Moments after Maryland had beaten Hawaii, 79-71, Thursday night to advance to the final of the Rainbow Classic, forward Len Bias was asked how he would feel if his team cracked the top 20 next week.

"I would feel," Bias answered, "as if it's about time."

Tonight, the Terrapins had an excellent chance to earn some of the notoriety they feel they deserve after a 10-1 start against the toughest December schedule since Lefty Driesell became coach in 1969. In the final (1:45 a.m. EST Saturday tip-off) they met 10th-ranked Georgia Tech, a 65-58 winner over No. 11 Washington in Thursday's other semifinal.

"I don't care who we play. I'm just glad we're in the final," Driesell said. "We've won two games here; I want to win three."

Do not let the seemingly casual Driesell fool you. He is beginning to suspect that this team might be similar to his 1980 team, one that was picked sixth in the Atlantic Coast Conference and finished first. Against Hawaii, Driesell was up and down the bench all game, executing a remarkable, twisting double-stomp when Bias was called for hanging on the rim on a dunk.

"I didn't know if he was stomping because I got the technical or because they called the technical," said Bias, who had 15 points for the game. "That was the worst he's been this season, though. I guess the refs called it because they'd never seen a dunk like that before."

Bias could afford to be jocular. After a number of narrow escapes, the Terrapins handled Hawaii with relative ease. Although the Rainbows hung tough for a half, trailing, 41-38, they were outrebounded, 38-27, as Maryland blew to a 70-57 lead with 5:22 left and coasted home.

As usual, Bias and Adrian Branch (21 points on nine-of-14 shooting) did a lot of the work. But this was a game in which Derrick Lewis and Speedy Jones stepped into the limelight.

Each had career scoring highs, Lewis with 15 points, Jones with 13. Lewis also had 12 rebounds and five blocks in a superb all-round performance and Jones added nine rebounds and four assists. Before the Hawaii game, Lewis had as many blocks (40) as points.

He had made only 15 of 46 shots from the field and 10 of 20 from the foul line. But against the Rainbows, Lewis was an offensive factor from the start, even after his first shot, a 15-foot jumper, was an air ball.

"Coach had told me to look for my shot more, so I did right away," said Lewis, who is playing much better than might be expected of a 6-foot-7 freshman forced to playing center. "When I missed that first one so badly I thought, 'Here we go again, another one-for-four night.' But then I made the next one and it gave me confidence. I was more aggressive after that."

Lewis' defensive aggressiveness is a major reason for this team's success. If he consistently adds some offense, the Terrapins can be very good.

The only negative note from the Hawaii game was that guard Keith Gatlin's still was bothered by a sprained big left toe. After Gatlin hobbled around in warmups, Driesell decided against starting him, going with Jeff Adkins, the hero of the Iowa game earlier in the week.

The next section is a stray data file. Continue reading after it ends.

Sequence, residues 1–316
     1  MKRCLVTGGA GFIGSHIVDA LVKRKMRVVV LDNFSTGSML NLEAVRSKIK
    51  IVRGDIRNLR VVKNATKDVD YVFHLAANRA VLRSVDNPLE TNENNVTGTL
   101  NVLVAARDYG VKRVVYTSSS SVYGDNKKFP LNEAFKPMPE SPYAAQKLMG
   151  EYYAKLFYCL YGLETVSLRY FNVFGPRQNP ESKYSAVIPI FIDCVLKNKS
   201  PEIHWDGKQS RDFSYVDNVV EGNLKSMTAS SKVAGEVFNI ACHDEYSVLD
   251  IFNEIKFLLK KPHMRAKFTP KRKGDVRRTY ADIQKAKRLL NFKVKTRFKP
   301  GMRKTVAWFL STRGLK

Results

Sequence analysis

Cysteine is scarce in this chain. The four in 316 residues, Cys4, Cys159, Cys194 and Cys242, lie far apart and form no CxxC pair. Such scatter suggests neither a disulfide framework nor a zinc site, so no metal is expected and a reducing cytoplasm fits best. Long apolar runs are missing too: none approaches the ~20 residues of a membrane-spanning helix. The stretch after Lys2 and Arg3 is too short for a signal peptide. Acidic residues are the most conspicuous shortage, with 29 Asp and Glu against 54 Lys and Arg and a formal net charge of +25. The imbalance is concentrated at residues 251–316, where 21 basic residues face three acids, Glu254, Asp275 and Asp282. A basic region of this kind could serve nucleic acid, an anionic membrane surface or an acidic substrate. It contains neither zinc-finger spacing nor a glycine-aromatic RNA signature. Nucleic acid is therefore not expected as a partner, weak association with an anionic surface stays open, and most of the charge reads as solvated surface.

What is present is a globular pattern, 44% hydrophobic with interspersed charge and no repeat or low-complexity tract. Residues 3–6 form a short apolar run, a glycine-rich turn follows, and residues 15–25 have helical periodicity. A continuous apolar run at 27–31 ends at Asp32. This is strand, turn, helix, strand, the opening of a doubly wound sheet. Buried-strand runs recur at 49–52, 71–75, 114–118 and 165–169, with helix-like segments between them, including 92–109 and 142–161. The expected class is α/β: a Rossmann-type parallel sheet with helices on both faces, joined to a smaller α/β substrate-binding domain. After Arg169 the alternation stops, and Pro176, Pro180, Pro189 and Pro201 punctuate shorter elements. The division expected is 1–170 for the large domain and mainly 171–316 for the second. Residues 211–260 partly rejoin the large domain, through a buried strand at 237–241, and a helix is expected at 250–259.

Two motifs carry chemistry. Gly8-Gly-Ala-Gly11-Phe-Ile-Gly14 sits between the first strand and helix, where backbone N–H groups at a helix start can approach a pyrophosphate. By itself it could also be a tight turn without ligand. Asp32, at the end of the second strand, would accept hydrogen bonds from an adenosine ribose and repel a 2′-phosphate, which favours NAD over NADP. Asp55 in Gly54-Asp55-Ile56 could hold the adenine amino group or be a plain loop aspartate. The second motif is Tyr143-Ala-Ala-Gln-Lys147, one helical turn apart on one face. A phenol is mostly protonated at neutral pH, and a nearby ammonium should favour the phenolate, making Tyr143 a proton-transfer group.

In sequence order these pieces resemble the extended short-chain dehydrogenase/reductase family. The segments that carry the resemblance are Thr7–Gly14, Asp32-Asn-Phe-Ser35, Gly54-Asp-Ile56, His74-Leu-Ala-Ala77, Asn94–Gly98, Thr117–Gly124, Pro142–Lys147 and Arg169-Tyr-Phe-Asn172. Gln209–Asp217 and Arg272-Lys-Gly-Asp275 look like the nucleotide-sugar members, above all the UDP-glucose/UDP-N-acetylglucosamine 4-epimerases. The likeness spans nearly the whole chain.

But three minutes into the game, Gatlin, who had thought he might get the night off, was in. "I had it in ice all day and it felt fine but when I put my shoe on it rubbed up against it and I was kind of hopping," Gatlin said.

Gatlin went quite well for the 15 minutes he played. He made all three shots and handed out four assists, including two on nice alley-oops -- one to Bias, one to Jones early in the second half. But the foot got stepped on again with 15:55 left and Gatlin hobbled off, through for the night.

"If it's like this for Georgia Tech, they might cut a hole in my shoe so it won't hurt," Gatlin said. "I don't want to push it, though, because we have N.C. State Wednesday (in the league opener) and that game's more important than this one."

Tell that to Driesell, who has a 2-5 record in three seasons against Georgia Tech's Bobby Cremins. The Yellow Jackets have dealt the Terrapins some of their toughest defeats in recent seasons. Three of the losses were in overtime, including one in double overtime last season.

Tech (8-1) needed some luck to reach the final. The Yellow Jackets trailed Washington by 56-51 with a little more than four minutes left. They came back to lead, 57-56, then needed a missed call by an offical to hang on.

The key call came with 33 seconds left. Leading by one, Tech had run down the 45-second clock to eight seconds. Mark Price, who scored 20 points, started a drive down the middle but Washington's Clay Damon slapped the ball loose. He would have gone in for a layup if he hadn't been called for fouling Price.

"It was a good call," Cremins said, suppressing a grin. "A real good call for us."

Price took advantage, making both free throws, and Washington didn't score again until just before the buzzer. The victory, Tech's second in two nights against a major opponent (it beat Arkansas in the first round), set up an all-ACC final.

"It'll give both teams a chance to find out how far we've come this season," Georgia Tech guard Bruce Dalrymple said. "It's on a neutral court, we've both played some tough games to get here and now we'll find out who is stronger right now."

To the strong will go a high national ranking, a good deal of attention and raised expectations going into conference play next week.

"Come to think of it," Bias said, "I'm not sure I want us to be ranked. So far this season, we're doing fine as the underdog."